This week marks the debut of former Vice-President Dick Cheney’s memoir entitled In My Time. Cheney has helped pump up interest in his volume, promising that it will stir up a hornet’s nest in Washington and among the chattering classes, at large. Some commentators, most of whom have not yet read the tome, are accusing Cheney of settling old scores and answering his critics, instead of offering a substantive contribution to the historical literature of the Bush Presidency. Time will tell, but Cheney can be excused for taking a shot or two at his critics because, in truth, there was no more unfairly maligned Bush Administration official than His Honor, the Vice-President of the United States. In fact, Dick Cheney serves as a primer in the way that the modern Left, working with their allies in the mainstream media seek to destroy a perceived enemy.
In order to fully address this issue we must try to understand the subject matter, apart from media caricature. Who is Dick Cheney? Simply put, Cheney is a westerner, a Nebraska-born, Wyoming resident who served his state and his country ably in a startling number of capacities. He began serving as an aide to Donald Rumsfeld in the early days of the Nixon Administration. This led to Cheney transiting to the Nixon White House, itself, where he served as an aide. His calm efficiency and low-key style attracted favorable attention and Cheney took over as the Chief-of-Staff in the Ford White House in 1974, holding this position throughout Ford’s short Presidency and serving as his 1976 campaign manager.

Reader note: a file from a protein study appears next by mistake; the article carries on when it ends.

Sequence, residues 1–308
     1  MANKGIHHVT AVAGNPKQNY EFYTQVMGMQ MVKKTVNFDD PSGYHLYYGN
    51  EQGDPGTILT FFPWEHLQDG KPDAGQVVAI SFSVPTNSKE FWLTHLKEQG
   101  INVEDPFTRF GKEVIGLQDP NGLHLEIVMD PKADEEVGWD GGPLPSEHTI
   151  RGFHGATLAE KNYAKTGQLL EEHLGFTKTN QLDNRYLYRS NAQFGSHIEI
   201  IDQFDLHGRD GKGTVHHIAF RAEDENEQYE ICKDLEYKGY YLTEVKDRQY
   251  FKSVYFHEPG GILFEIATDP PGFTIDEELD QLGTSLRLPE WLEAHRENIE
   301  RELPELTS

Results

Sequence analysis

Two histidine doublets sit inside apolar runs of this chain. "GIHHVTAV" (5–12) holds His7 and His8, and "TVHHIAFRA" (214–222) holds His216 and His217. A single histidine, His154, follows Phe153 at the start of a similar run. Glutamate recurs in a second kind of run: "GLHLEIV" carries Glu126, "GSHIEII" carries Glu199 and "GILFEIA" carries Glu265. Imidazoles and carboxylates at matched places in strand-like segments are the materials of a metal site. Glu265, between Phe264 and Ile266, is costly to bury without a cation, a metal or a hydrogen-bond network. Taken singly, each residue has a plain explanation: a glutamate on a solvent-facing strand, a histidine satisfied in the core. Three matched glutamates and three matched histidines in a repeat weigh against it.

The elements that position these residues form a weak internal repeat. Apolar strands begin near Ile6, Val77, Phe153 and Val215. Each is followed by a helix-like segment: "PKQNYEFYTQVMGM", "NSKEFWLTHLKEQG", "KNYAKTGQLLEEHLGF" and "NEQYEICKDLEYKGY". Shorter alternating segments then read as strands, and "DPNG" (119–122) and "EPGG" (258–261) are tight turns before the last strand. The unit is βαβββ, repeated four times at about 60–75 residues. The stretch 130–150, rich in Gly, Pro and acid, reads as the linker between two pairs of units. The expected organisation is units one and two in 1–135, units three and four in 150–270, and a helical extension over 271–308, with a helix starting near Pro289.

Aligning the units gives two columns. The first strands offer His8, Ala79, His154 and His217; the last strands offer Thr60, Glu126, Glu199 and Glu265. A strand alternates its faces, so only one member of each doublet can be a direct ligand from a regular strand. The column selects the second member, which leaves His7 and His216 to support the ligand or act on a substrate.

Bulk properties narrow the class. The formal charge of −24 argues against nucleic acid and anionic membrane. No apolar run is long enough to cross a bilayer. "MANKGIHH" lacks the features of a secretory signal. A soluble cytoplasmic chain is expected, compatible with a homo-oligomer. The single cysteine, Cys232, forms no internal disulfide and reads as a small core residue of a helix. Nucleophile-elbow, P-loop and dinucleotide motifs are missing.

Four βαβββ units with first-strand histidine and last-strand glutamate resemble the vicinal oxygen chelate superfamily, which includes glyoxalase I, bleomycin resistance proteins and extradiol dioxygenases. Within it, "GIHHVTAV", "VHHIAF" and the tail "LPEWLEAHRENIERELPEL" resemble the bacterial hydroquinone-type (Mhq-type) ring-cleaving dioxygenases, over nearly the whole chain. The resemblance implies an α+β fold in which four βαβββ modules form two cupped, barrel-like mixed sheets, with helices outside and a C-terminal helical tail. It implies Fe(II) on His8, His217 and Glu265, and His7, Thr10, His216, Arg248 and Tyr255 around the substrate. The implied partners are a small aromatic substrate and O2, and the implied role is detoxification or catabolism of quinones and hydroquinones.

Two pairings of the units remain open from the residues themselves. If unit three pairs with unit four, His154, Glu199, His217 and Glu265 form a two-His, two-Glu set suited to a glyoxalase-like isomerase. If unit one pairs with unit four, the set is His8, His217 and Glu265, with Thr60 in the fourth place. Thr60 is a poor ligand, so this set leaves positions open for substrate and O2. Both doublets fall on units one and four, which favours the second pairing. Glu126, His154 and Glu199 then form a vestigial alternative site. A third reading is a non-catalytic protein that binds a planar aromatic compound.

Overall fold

Cheney briefly returned to private life after the Carter transition in 1977, but won election to Congress as a Republican from Wyoming in 1978. He easily won his re-election contests for the next ten years. A close analysis of Cheney’s voting record in Congress reveals a very solid conservative of Reaganite inclinations. Most of the pundits and commentators, however, regarded Cheney as a Center-Rightist of the Ford type, meaning that he was more conservative than not, but by no means a firebrand. Moreover, Congressman Cheney enjoyed generally favorable coverage from the Washington Press Corps.